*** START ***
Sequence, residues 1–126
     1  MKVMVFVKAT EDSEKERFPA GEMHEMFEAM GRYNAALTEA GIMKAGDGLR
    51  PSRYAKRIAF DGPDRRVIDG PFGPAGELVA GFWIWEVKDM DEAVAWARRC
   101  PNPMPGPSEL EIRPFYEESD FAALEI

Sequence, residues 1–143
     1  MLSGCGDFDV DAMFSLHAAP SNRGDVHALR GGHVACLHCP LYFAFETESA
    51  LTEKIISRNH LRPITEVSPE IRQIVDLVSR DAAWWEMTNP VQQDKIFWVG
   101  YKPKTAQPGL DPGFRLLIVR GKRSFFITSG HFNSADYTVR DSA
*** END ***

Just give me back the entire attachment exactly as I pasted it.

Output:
Sequence, residues 1–126
     1  MKVMVFVKAT EDSEKERFPA GEMHEMFEAM GRYNAALTEA GIMKAGDGLR
    51  PSRYAKRIAF DGPDRRVIDG PFGPAGELVA GFWIWEVKDM DEAVAWARRC
   101  PNPMPGPSEL EIRPFYEESD FAALEI

Sequence, residues 1–143
     1  MLSGCGDFDV DAMFSLHAAP SNRGDVHALR GGHVACLHCP LYFAFETESA
    51  LTEKIISRNH LRPITEVSPE IRQIVDLVSR DAAWWEMTNP VQQDKIFWVG
   101  YKPKTAQPGL DPGFRLLIVR GKRSFFITSG HFNSADYTVR DSA